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Frontiers in cellular neuroscience

The Differential Organization of F-Actin Alters the Distribution of Organelles in Cultured When Compared to Native Chromaffin Cells.


PMID 28522964

Abstract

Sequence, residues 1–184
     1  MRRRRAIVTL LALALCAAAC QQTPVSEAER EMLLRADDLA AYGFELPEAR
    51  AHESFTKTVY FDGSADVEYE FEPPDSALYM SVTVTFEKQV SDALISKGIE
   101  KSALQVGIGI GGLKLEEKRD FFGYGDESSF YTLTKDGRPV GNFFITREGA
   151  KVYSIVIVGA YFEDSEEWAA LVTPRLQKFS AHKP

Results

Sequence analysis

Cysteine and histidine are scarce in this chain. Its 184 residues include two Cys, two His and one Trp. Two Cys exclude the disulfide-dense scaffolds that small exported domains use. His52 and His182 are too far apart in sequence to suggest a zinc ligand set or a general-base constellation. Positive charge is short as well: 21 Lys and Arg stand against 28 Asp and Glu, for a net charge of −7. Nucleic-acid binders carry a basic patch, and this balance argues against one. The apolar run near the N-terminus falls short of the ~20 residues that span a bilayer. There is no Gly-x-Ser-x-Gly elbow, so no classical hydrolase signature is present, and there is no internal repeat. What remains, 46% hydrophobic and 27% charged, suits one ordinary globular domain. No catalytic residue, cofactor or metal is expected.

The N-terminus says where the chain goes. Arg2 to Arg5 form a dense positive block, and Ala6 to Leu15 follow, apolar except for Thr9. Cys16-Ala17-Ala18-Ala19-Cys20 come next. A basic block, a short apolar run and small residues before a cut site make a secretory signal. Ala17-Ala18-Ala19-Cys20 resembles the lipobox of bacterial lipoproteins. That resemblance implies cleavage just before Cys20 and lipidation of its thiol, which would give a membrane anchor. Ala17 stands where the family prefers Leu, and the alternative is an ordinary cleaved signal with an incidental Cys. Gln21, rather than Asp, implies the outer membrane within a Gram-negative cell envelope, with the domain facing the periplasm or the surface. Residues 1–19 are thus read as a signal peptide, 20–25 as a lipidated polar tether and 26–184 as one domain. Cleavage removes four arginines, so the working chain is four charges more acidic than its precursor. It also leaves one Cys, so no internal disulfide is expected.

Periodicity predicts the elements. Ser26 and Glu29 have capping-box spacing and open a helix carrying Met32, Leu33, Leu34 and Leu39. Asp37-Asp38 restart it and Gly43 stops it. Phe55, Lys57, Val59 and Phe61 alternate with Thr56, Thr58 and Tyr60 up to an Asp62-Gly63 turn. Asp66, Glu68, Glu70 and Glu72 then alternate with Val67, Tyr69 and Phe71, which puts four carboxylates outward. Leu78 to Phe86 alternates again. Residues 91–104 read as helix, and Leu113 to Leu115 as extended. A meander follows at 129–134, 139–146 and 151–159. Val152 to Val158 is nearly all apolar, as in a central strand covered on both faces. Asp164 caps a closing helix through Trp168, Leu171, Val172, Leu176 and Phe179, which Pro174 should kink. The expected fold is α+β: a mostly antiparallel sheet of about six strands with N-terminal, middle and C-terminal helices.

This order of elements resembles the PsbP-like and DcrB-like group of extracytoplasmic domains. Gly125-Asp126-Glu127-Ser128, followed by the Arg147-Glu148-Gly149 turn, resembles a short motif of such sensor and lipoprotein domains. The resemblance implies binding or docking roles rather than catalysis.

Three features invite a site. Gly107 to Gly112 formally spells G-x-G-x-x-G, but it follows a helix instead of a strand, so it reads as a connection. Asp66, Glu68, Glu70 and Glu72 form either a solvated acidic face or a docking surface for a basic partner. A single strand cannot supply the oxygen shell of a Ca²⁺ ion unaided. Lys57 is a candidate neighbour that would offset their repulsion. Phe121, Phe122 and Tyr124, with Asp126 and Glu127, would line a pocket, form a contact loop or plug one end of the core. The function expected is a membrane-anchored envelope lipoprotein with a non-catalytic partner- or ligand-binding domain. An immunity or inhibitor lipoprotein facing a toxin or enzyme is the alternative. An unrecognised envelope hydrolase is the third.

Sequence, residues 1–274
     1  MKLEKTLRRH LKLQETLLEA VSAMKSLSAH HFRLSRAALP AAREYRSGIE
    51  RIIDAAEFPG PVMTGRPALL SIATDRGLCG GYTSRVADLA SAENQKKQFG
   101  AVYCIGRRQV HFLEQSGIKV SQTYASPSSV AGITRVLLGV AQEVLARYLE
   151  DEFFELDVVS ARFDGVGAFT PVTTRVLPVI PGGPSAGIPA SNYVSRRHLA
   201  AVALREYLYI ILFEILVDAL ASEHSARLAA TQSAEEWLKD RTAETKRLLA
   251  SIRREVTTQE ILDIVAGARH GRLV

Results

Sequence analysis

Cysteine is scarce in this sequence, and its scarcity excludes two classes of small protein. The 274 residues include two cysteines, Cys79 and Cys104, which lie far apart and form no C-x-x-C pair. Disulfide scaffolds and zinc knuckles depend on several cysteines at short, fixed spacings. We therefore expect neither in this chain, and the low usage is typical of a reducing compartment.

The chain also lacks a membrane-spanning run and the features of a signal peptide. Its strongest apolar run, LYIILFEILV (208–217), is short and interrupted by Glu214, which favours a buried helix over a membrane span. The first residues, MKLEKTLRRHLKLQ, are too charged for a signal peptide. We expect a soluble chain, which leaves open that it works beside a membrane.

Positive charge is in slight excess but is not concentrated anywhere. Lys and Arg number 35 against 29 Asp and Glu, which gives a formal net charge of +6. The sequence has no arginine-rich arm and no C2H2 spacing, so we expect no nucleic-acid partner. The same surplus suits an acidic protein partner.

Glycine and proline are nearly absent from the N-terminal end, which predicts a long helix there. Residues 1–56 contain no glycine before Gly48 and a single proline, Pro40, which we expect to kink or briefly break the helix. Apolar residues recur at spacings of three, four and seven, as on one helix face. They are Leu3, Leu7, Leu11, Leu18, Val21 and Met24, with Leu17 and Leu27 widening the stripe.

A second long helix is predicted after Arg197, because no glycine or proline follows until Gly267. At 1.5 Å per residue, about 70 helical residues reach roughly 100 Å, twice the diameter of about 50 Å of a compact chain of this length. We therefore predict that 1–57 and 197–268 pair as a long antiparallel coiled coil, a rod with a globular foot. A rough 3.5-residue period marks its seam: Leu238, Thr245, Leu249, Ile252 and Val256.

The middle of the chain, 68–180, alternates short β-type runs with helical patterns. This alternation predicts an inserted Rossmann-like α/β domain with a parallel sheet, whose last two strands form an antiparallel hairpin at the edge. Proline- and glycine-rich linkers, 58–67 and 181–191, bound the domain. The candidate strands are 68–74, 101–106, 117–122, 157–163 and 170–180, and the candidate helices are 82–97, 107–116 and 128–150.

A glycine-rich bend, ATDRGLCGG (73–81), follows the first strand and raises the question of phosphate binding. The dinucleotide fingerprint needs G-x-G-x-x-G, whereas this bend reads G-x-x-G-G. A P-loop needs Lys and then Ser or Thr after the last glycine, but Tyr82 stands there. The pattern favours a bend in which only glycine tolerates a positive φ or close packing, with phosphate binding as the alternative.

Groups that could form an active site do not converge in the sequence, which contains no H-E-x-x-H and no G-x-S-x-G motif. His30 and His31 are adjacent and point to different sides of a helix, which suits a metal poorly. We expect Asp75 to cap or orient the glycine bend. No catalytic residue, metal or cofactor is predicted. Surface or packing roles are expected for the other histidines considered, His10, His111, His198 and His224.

Cultured bovine chromaffin cells have been used extensively as a neuroendocrine model to study regulated secretion. In order to extend such experimental findings to the physiological situation, it is necessary to study mayor cellular structures affecting secretion in cultured cells with their counterparts present in the adrenomedullary tissue. F-actin concentrates in a peripheral ring in cultured cells, as witnessed by phalloidin-rodhamine labeling, while extends throughout the cytoplasm in native cells. This result is also confirmed when studying the localization of α-fodrin, a F-actin-associated protein. Furthermore, as a consequence of this redistribution of F-actin, we observed that chromaffin granules and mitochondria located into two different cortical and internal populations in cultured cells, whereas they are homogeneously distributed throughout the cytoplasm in the adrenomedullary tissue. Nevertheless, secretion from isolated cells and adrenal gland pieces is remarkably similar when measured by amperometry. Finally, we generate mathematical models to consider how the distribution of organelles affects the secretory kinetics of intact and cultured cells. Our results imply that we have to consider F-actin structural changes to interpret functional data obtained in cultured neuroendocrine cells.